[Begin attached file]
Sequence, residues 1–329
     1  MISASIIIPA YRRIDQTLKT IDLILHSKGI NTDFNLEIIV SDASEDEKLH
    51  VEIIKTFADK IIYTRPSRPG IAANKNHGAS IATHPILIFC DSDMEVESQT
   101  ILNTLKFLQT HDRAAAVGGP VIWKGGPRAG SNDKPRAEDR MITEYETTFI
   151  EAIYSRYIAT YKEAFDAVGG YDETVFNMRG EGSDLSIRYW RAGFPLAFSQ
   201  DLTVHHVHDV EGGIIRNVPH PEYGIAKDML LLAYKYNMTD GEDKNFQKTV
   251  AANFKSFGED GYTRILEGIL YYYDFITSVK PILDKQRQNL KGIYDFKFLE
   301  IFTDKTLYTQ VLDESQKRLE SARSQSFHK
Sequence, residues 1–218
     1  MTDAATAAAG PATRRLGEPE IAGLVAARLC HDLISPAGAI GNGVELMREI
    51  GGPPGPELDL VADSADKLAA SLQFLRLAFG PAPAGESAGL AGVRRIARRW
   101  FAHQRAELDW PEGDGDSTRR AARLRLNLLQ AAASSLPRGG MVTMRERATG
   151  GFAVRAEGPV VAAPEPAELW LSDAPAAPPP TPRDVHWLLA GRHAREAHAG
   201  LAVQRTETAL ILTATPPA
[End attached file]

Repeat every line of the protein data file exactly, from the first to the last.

Sequence, residues 1–329
     1  MISASIIIPA YRRIDQTLKT IDLILHSKGI NTDFNLEIIV SDASEDEKLH
    51  VEIIKTFADK IIYTRPSRPG IAANKNHGAS IATHPILIFC DSDMEVESQT
   101  ILNTLKFLQT HDRAAAVGGP VIWKGGPRAG SNDKPRAEDR MITEYETTFI
   151  EAIYSRYIAT YKEAFDAVGG YDETVFNMRG EGSDLSIRYW RAGFPLAFSQ
   201  DLTVHHVHDV EGGIIRNVPH PEYGIAKDML LLAYKYNMTD GEDKNFQKTV
   251  AANFKSFGED GYTRILEGIL YYYDFITSVK PILDKQRQNL KGIYDFKFLE
   301  IFTDKTLYTQ VLDESQKRLE SARSQSFHK
Sequence, residues 1–218
     1  MTDAATAAAG PATRRLGEPE IAGLVAARLC HDLISPAGAI GNGVELMREI
    51  GGPPGPELDL VADSADKLAA SLQFLRLAFG PAPAGESAGL AGVRRIARRW
   101  FAHQRAELDW PEGDGDSTRR AARLRLNLLQ AAASSLPRGG MVTMRERATG
   151  GFAVRAEGPV VAAPEPAELW LSDAPAAPPP TPRDVHWLLA GRHAREAHAG
   201  LAVQRTETAL ILTATPPA